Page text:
Ideas and Dissertations
September 10th is National Swap Ideas Day. Celebrate by adding an accountability partner to your dissertation support network…
One of my early dissertation students completed her study on the types of support a student needs in order to complete his dissertation. She focused specifically on students who were working on their dissertations remotely.
They may have begun studying at traditional campuses but moved away from campus while working on their dissertations. Or, they may have been studying at online universities. Either way, without the support of a campus community they needed to connect with others in order to be successful.
Her study identified three types of support that are important for dissertation students: academic, emotional, and practical.
Practical support was determined to be the least important type. Practical support is basically about creating more time for your dissertation. So, if it’s typically your responsibility to cut the grass or take a the trash, a family member could take on those responsibilities, giving you more time to work on your dissertation.
But, time isn’t really the issue for most dissertation students. I know that you might think that your problem is time management. But, it’s really not. The real problem is motivating yourself to work on your dissertation each day, and that’s only a problem because you really don’t know what to do!
Meaning no offense by that. You’re a student. Of course, you don’t know what to do. That’s the point of being a student — to learn. And, that’s why you need academic support — to teach you what you need to know.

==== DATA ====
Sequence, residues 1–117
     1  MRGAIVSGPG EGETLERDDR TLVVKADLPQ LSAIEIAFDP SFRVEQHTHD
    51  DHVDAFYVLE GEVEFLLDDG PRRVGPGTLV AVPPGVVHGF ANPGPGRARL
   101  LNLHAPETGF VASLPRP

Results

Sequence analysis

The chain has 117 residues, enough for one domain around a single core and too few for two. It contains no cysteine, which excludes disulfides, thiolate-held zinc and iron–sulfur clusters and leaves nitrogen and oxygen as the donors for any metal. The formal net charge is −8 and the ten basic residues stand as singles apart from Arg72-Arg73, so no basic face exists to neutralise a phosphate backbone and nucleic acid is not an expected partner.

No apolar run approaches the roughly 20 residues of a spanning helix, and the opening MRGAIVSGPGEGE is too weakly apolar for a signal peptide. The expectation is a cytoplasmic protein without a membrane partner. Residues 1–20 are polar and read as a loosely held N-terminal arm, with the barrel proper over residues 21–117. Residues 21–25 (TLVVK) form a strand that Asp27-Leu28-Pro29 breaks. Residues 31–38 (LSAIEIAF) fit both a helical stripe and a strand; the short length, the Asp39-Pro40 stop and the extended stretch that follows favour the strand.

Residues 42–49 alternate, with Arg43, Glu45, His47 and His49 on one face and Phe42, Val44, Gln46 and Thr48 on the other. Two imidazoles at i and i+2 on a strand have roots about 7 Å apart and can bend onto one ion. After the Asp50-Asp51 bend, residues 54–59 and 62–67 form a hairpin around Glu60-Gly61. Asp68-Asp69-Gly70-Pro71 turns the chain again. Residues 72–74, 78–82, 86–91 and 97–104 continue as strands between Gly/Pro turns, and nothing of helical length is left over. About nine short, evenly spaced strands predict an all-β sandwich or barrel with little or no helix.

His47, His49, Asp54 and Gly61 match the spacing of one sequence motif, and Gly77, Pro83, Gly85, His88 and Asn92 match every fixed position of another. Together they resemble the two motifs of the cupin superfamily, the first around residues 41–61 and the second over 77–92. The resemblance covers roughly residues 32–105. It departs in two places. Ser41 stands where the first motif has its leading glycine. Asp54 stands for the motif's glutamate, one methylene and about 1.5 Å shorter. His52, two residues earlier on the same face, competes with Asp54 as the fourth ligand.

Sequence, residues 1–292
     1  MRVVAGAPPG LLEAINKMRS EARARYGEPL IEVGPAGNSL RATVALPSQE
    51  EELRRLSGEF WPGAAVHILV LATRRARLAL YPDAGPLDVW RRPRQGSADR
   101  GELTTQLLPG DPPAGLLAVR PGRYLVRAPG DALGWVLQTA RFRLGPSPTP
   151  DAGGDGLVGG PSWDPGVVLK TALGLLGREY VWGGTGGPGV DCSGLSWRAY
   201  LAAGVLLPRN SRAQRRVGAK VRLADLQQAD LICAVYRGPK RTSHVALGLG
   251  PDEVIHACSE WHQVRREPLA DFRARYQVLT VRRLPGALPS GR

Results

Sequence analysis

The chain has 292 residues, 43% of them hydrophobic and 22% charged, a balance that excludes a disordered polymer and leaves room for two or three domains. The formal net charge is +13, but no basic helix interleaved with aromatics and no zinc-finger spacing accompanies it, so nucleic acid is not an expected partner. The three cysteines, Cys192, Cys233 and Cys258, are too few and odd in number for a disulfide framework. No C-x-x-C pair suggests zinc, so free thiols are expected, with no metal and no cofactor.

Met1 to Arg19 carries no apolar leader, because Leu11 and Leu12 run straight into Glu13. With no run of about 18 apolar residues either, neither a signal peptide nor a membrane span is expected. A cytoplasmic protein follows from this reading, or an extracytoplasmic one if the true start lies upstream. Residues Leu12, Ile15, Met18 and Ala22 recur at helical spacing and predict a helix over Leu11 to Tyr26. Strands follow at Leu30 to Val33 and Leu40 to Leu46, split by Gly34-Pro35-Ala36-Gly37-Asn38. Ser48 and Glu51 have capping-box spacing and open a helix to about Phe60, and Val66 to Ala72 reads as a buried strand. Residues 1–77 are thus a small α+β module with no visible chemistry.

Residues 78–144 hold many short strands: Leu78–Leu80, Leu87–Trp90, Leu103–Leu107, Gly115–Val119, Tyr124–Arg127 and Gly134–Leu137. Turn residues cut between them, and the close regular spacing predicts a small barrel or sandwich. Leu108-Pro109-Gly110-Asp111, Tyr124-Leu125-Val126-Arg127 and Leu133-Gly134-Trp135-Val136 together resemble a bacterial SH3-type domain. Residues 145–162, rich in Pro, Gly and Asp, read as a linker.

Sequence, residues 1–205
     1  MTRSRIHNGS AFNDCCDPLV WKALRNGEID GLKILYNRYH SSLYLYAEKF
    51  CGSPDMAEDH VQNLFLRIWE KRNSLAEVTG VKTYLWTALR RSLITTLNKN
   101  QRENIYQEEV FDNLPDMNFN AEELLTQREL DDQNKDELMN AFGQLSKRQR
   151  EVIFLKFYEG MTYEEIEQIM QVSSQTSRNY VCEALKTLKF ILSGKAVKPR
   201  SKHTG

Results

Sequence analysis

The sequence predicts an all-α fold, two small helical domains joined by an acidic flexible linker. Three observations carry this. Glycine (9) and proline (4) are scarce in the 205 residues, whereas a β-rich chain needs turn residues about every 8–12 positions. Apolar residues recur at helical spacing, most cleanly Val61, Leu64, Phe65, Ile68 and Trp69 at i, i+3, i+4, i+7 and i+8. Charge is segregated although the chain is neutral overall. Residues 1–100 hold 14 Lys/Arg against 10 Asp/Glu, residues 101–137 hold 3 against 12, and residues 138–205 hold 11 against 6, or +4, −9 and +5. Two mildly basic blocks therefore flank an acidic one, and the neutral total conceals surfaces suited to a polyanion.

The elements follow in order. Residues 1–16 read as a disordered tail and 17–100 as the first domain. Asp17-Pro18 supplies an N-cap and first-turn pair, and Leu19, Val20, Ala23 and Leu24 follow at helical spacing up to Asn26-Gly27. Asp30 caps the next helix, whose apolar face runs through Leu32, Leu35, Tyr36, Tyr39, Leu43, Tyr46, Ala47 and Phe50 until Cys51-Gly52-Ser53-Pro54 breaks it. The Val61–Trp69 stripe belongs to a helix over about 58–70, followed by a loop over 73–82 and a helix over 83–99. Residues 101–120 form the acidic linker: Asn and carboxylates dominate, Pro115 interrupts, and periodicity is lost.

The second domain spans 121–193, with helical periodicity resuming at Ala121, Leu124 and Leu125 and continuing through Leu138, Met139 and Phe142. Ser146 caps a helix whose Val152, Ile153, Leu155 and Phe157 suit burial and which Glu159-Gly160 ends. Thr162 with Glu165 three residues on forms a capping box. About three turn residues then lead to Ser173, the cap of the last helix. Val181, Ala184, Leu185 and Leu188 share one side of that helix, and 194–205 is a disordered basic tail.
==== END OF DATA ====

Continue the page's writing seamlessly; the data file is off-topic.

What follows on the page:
In addition to knowing what to do, sometimes you need to know that you can do it. Hearing from your husband, wife, or children how smart you are and how they know you can do it can come off like a cruel taunt after a while. If they never earned their own doctoral degree, then they don’t really know what they’re talking about. Do they?
This is why it’s important that your support network includes people who’ve been there. Not only current doctoral students with whom you may share ideas, but also former doctoral students, those who have earned their doctoral degrees and can speak from experience.
So, find people to support you in your family. Find people to support you among your friends. Find people to support you at work. Enlist those who can provide you more time, those who can alleviate your stress, and those who can point you in the right direction.